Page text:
What is the best way for me to come out?

Discussion in 'Coming Out' started by kate8, Sep 29, 2013.

  1. kate8

    kate8 Member

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    I have a family who would be very accepting, but I’m very nervous about coming out as bisexual. I think the main reason for it is the reactions of my friends. I’m in this band with three guys, two of whom don’t believe gays should have the same rights at straight people. The other one is gay, but not out to most people. So I know he’d be very supportive, but I’m worried I’d lose the other two as friends. I also worry about my team’s reaction (co-ed team, most of them are boys). I think most of them would be cool with it, but I just don’t want them to act differently around me. I’m a junior, so I’ll only have two more years with them anyways, and I don’t want my last years with them to be super awkward. I’ve considered waiting to come out until I’m off at college, but that does seem like a lot of time to pretend I’m something I’m not. Over the past two years I’ve become more conscious of my sexual orientation bit by bit and I’ve finally accepted that I am bisexual. I’m also the kind of person who shies away from being the center of attention, and I worry that my extended family (which is pretty big and super loud) will have a huge conversation with me about how much they love me and how much they accept me. I REALLY don’t want that. I just want people to be aware of who I am without making a big deal about it. So, in my situation, when and how is the best way to come out?
     
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  2. lorienczhiu

    lorienczhiu Well-Known Member

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    So, to recap: you want to come out (because you want the way people understand you to change and you want them to know who you really are). But you don't want people to treat you any differently, don't want to have a conversation about how your family is cool with that new understanding, and god forbid people talk to you about the thing you want them to know. I'm not sure you get both; some advice on how to try below.

    Coming out is, at the end of the day, about asserting your identity and understanding of yourself, and that being more important than what other people think about you. You might lose friends over it (my fiancee did); you might feel embarrassed and exposed; you might be surprised by the positivity you find. Coming out - and being out - is a risk, because you can't control other people's feelings and behaviors. It's a good risk, though: at the same time that you might lose friends or experience awkwardness with your family, it lets you choose the friends who actually support you, be open to dating opportunities, and foster open and real relationships with the people around you.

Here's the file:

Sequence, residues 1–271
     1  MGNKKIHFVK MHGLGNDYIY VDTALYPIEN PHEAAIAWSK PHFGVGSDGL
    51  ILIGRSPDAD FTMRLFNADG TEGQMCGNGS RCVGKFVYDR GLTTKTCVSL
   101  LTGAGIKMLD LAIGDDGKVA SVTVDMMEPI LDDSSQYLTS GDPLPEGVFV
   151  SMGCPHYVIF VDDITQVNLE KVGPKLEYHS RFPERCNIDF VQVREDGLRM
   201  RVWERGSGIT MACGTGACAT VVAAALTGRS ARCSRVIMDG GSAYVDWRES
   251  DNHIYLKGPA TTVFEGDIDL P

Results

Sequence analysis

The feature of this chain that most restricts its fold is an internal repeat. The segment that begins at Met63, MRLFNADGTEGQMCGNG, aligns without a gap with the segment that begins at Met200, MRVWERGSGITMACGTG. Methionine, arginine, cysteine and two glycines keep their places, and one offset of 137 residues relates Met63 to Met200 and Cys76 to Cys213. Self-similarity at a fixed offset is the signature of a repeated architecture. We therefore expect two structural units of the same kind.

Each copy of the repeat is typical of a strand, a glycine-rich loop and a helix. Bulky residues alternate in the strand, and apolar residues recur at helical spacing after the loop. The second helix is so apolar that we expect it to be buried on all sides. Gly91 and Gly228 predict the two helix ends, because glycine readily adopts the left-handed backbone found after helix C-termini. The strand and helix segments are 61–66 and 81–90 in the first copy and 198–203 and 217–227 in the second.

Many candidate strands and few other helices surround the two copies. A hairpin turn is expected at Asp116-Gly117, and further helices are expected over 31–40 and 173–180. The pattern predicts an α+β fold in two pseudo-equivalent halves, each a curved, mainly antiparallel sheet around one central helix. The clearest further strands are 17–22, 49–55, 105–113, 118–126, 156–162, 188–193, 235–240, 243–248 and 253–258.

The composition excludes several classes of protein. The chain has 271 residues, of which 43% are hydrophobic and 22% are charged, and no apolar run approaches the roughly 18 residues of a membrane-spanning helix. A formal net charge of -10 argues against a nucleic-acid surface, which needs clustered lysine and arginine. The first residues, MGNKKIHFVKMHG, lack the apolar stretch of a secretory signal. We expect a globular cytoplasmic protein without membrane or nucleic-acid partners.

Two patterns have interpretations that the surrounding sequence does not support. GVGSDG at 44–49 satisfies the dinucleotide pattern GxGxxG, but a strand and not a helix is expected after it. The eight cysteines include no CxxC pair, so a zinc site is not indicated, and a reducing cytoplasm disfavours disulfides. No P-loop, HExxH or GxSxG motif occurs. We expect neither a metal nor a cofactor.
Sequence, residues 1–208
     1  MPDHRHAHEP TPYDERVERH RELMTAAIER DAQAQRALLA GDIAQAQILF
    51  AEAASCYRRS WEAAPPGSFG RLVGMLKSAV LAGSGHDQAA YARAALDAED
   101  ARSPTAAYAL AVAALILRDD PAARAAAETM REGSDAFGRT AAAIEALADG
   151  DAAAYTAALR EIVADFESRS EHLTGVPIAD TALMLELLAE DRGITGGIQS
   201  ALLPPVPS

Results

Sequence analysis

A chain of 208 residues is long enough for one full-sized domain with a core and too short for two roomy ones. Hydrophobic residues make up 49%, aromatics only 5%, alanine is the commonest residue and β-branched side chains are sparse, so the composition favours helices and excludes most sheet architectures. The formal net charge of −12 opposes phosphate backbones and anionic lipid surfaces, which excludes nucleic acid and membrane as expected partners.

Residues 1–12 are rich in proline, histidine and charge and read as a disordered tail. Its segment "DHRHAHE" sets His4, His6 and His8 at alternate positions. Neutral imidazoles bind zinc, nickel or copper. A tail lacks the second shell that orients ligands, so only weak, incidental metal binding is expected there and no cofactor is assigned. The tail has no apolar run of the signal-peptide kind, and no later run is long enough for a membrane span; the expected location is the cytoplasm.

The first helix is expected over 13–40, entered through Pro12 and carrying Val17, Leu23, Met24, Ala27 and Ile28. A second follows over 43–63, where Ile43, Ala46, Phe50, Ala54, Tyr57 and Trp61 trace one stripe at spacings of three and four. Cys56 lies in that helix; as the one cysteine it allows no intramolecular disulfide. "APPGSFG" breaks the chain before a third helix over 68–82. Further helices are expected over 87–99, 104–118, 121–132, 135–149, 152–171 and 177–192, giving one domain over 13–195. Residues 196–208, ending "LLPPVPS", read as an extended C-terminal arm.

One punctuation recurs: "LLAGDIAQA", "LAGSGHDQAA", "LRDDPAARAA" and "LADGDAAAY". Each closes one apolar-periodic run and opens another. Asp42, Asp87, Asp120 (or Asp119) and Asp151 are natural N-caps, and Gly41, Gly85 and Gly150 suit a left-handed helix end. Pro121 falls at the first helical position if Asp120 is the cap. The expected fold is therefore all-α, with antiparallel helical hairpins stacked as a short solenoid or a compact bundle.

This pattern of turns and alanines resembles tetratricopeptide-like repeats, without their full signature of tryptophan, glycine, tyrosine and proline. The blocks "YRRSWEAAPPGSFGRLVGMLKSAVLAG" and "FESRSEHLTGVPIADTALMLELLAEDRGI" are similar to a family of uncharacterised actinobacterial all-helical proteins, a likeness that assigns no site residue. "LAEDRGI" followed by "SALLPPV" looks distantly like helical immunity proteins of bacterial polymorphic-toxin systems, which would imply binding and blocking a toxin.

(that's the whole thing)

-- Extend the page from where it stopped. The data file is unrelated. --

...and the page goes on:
If you don't want a fuss, though - say that you don't want a fuss. With your family, tell a trusted member - mom, sister, favorite aunt - and let them know that they can respectfully spread the word, but that part of the message is that you don't want it to be a big thing. Designate a point person - again, your sister or mom or favorite aunt - to have the conversation with folks who need to process, or say if they want to talk about it, they can send an email or a letter, but you'd really like them to respect your wishes on this. Be prepared that they might not - and have a practiced response. "Thanks so much for your support, but I actually feel most supported and loved when you just treat me the same as always. Hey, have I told you about my badminton match next week?"

    With your friends, you can come out in small ways - no big declaration - like talking about your female celebrity crushes, making your queerer politics and opinions known, or mention the LGBT prom you're going to or the alliance you're joining. Invite the girl you're into to your shows or games, and if asked about it admit that you think she's cute. That gives them the space to engage with it if they want to, and allows you to be honest without a soapbox. It puts your potential queerness out there without being the whole topic of conversation, and lets you come out without the assumption that you've ever been in.

    At the end of the day, coming out is always the awkwardest 45 seconds of your life... and then it's over. You get to move forward knowing that people will be dealing with you with truth and honesty, and since coming out is something that you do over and over again in life (doctors, coworkers, new friends, teachers...) you know that you're going to get better at it with time and that you've made a great start. Good luck!
     
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  3. kate8

    kate8 Member

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    Thanks for the advice. It's refreshing to get someone else's take on this - it puts things in perspective. I think you're right - I'm going to have to cope with a variety of reactions and I am going to have to accept that people are going to talk. I've always been the type of person who likes to control situations, but I'm not going to be able to on this one as much as I would like, because I can't control other people and their reactions to me. I really appreciated the tips on how to come out to family and friends as well. They were very good methods of coming out for someone who tends to shy away from the spotlight.
     
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